AMY GOODMAN: I wanted to ask you about what is happening in Israel and Palestine, the Hamas elections. Latest news, European Commission has temporarily halted direct aid payments to the Palestinian government.
ROBERT FISK: They voted for the wrong people, Amy. They voted for the wrong people. They misused democracy, you see? This is what happened in Algeria -- isn’t it? -- in 1990. The people were given democracy. They voted for the FIS, so the military canceled the second round of elections. We didn't want democracy to begin with in Iraq. Then, we worried the Iraqi Shiites would join in the insurgency. So we had democracy, and we’ve got an Islamic government in Iraq, as well. Believe me, it is Islamic. It is effectively an Iranian government, because SCIRI and Dawa, the two main linchpins of the government, they grew up, they were the creation of Iran. In Lebanon, we’ve now got, democratically elected, a Hezbollah minister in the Cabinet, whom the Americans can’t talk to, of course, because again they elected the wrong people.
We’ve got this problem in the West Bank. There’s a story here somewhere. You know, the Muslim Brotherhood get 88 seats in the Egyptian Assembly elections. We’ve got Hamas in power. We’ve got an Islamic government still in Iran, of course. And what's going to happen if Syria disappeared or the Syrian government went? You know, at some point, we’re all going to have to face up to the fact that if people do have a genuinely democratic election, we’ve got to talk to the people they elect, not the people they elect if they’re the people we want them to elect. And that’s the big problem for us in the Middle East at the moment.
AMY GOODMAN: What do you think is going to happen with the Hamas government?
ROBERT FISK: The Hamas government will talk to the Israelis, and they probably already are. I remember when the Hamas officials, who were all in those days “terrorists,” were thrown out of Israel into southern Lebanon, and I was talking to them on this hillside. Most of them or some of them have been blown up since by the Israelis, of course, and I remember I was saying to these guys, you know, “Well, actually, I’m going to be going to Israel tomorrow via Cyprus or via Jordan.” I can’t remember which way I went from Lebanon.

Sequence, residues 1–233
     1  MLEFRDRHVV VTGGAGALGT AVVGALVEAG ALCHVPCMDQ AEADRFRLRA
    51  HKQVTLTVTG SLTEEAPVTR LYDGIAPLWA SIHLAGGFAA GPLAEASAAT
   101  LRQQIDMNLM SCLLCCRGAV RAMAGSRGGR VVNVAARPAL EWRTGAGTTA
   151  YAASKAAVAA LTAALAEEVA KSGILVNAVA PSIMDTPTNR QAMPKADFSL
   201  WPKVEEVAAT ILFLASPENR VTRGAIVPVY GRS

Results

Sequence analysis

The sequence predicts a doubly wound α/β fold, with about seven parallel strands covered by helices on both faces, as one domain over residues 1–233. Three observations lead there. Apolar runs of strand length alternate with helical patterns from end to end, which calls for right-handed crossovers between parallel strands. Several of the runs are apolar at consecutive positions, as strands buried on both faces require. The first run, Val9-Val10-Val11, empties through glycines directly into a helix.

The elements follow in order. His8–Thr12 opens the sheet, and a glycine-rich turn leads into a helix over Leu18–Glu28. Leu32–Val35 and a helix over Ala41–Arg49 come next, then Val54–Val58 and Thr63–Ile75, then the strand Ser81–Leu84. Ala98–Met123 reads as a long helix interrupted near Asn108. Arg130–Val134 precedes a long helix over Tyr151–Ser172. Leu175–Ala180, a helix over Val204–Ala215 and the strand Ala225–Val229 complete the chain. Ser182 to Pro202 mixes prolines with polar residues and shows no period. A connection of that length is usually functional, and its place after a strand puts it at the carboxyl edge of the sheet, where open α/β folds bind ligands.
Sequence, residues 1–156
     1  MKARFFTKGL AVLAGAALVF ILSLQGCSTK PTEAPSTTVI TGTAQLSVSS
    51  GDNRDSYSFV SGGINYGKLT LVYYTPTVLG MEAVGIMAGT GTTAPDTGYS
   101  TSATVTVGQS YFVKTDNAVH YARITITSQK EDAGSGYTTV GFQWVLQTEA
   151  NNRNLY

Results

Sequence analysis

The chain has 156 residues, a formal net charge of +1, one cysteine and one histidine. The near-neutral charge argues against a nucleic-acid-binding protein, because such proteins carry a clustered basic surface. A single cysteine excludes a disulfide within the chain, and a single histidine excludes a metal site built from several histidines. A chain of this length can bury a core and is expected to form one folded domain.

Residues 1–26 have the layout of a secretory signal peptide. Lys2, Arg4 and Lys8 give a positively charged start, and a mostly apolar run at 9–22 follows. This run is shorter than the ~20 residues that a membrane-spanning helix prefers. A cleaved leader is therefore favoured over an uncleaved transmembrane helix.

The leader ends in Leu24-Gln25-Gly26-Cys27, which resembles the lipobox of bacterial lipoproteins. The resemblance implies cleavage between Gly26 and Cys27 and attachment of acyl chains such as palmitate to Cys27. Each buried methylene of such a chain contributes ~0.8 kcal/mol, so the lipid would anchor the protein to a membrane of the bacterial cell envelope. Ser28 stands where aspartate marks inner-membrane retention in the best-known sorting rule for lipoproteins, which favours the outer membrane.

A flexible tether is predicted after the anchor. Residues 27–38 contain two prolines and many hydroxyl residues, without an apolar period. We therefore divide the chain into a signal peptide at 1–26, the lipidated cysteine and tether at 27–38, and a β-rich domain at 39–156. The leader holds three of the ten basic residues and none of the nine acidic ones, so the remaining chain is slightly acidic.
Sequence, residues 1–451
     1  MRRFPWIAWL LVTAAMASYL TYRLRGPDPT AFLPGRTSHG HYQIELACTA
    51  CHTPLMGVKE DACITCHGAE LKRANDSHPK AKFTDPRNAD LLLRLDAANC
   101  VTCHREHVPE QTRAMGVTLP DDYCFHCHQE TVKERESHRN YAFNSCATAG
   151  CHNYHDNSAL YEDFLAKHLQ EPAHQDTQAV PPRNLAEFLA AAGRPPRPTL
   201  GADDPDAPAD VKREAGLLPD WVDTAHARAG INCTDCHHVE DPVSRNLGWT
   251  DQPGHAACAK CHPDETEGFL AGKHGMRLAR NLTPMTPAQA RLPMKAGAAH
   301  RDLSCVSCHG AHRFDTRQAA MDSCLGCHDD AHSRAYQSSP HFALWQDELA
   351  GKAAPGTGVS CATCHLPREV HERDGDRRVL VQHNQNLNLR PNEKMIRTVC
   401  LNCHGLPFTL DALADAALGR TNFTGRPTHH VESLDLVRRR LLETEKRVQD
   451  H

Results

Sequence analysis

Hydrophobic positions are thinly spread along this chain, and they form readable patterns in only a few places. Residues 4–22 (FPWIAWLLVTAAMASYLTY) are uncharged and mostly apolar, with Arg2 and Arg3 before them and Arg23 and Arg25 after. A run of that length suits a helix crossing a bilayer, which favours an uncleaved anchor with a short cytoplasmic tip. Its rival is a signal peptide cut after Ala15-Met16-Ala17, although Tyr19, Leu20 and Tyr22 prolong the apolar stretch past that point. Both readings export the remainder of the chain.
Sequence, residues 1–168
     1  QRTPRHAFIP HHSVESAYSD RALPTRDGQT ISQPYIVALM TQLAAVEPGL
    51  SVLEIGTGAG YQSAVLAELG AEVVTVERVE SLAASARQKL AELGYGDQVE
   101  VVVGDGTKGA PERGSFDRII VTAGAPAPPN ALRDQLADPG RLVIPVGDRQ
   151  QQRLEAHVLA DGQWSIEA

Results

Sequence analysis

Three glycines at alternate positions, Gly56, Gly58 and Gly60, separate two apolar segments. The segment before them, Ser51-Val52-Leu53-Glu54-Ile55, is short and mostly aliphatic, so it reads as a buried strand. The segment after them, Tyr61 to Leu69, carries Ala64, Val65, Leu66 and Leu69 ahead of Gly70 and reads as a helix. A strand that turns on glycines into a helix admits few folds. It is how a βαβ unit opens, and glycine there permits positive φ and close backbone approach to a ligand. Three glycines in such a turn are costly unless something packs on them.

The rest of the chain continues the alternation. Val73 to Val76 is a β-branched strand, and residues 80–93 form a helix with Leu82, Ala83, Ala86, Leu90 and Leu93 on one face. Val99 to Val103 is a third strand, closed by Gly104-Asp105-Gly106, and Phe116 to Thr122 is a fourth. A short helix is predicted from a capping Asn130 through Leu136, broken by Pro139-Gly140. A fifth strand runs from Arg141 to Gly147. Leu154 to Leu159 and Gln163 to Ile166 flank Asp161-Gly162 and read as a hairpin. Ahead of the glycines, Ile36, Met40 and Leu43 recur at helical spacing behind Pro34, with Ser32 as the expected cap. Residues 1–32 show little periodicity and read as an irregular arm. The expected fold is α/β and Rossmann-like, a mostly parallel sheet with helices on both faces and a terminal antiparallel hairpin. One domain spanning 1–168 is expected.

And one of these guys, Hamas people, bounded down the hill and said, “Ah, Mr. Robert, you might like Shimon Peres's home telephone number.” And it was Shimon Peres’s home telephone number, because, of course, these people all talk to each other.
I remember, after the Oslo Agreement, being in Jerusalem and discovering -- and it was on the front page the next day of the Jerusalem Post -- that the Israeli army had actually sat down and been negotiating with Hamas officials after the Oslo Agreement on the White House lawn, the famous shaking of hands between Rabin and Arafat. So, these contacts have continued between Hamas and the Israelis. This business, ‘oh, we don’t talk to terrorists,’ this is for children and journalists.
AMY GOODMAN: Your most recent piece, “Another Brick in the Wall,” you say we’ve been conned again. The Israeli elections, we’re told, mean that the dream of greater Israel has finally been abandoned. West Bank settlements will be closed down, just as the Jewish colonies were uprooted in Gaza last year. The Zionist claim to all of biblical Israel has withered away.
ROBERT FISK: Well, this is my point, that it’s not correct. What’s happened is that the war, which we prefer to call a security barrier or a fence -- see you New York Times -- it has taken away 10% of the 22% of mandate Palestine was left to negotiate over for the Palestinians. The Jordan Valley has gone. The roads that run like concrete ribbons across the territory, which is the so-called viable Palestinian state to come, are not going to be moved.
And the major Jewish settlements or colonies, which is what they would -- colonie in French -- at least they use the right words in the French press -- are going to remain. Ma’aleh Adumim, this vast concrete semi-circle which divides East Jerusalem -- or what was Arab East Jerusalem -- off in the West Bank, that, effectively, along with the wall -- and it is a wall as tall, if not taller than the Berlin Wall or the “Berlin Fence,” as they would have called it if built by the Israelis.
This effectively means there is not going to be a Palestinian state. So the idea that Mr. Olmert is going to suddenly invent new frontiers, and we're all going to accept it, is pie in the sky. I can't see how the U.N. can accept a new frontier. I can’t see how the E.U. can. I can’t see how even our own dear Mr. Blair is going to accept that. I'm sure Mr. Bush will manage a way, though.